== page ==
Voyage of Traveler / Blog

December 27, 2008

“Indo” the New Year

Filed under: Year 2: July08-June09 French Polynesia to Greece, Indian Ocean — mrlawlerjr @ 3:45 pm
Hi, Everyone,
All is well aboard Traveler, once again, and we are on passage this week between
Christmas and New Years in Indonesian waters between Bali and Singapore.  We picked
up a Bali Boat Boy named Yansen (just one name, like Sting) who works for $5 per
day--and is very good, and I'll pay his airfare from Singapore back to Bali.
He is trying to get his captain's license and needs what we call "days
at sea" signed off by a captain. His English is good enough, and we are glad
to have him onboard with us as crew for this leg.
We're having some rough weather and having to beat into it.  Because of all
the delays, we missed the "weather window" of favorable southeasterly
monsoons (what the trade winds are called in this part of the world) and now have
northwesterly monsoons.  We have about 20 to 25 knots of wind on the bow with near
constant waves breaking over the bow so the decks are awash.
the occasional squall brings winds of up to 40 knots with lots of rain and thunder,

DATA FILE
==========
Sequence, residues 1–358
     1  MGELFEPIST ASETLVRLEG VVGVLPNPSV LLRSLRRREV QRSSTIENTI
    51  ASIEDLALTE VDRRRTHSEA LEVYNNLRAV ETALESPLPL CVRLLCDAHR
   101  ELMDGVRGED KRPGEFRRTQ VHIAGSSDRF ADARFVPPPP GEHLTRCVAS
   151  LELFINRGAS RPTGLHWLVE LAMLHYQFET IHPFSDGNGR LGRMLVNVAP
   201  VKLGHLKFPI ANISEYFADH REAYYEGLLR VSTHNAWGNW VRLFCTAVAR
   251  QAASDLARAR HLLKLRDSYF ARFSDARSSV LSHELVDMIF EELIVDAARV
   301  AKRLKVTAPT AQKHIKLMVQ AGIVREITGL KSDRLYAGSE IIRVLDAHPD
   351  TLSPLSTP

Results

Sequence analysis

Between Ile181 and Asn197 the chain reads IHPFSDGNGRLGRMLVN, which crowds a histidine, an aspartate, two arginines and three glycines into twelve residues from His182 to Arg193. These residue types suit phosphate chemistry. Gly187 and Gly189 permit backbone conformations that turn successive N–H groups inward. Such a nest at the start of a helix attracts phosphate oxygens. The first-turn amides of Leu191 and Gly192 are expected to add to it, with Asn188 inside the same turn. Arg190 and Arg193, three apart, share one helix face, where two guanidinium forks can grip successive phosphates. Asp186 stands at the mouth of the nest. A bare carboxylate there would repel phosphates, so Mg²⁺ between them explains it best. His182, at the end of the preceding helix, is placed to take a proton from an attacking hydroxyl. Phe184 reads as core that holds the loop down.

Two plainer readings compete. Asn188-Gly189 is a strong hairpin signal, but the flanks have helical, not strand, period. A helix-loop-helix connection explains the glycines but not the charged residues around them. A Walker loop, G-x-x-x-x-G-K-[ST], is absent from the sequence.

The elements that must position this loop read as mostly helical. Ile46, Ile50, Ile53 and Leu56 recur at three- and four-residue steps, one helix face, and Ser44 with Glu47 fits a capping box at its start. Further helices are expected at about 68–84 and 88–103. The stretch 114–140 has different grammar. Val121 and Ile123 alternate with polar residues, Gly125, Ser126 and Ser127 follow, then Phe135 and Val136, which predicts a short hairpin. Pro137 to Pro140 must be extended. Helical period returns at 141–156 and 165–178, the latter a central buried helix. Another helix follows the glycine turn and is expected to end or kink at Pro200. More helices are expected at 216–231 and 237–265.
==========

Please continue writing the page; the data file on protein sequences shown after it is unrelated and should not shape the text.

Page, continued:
which keeps things exciting.  At least it is warm, about 85. And thanks to the dodger
and our new side curtains, the cockpit mostly dry.
We are headed for Singapore, but we'll have a stop along the way tomorrow at
the Indonesian island of Kalimantan to trek in the Tanjung Puting National Park.
This is one of the last, and best, places on the planet to see the awesome orang-utan
apes in their natural environment. Also in the National Park are tons of crocodiles,
monkeys, and, if we are lucky, we might see a leopard. For photos, Google "Orang-utans
in Tanjung Puting National Park."
The leaky fuel tank is fixed, but what a huge, distracting, upsetting and expensive
repair that was.  Imagine taking a power saw to your beautiful built-in furniture
just to get to the tank to remove it, which took four people using our boom as a
crane to lift it out, then having your boat all torn up for the ten days it took
to fix it. I guess it wasn't all that expensive.  The repair bill came to only
$600, mostly because labor is so cheap here.  What hurt was (1) spending so much
of our time in Bali dealing with the problem, and (2) filling the tank in Dili with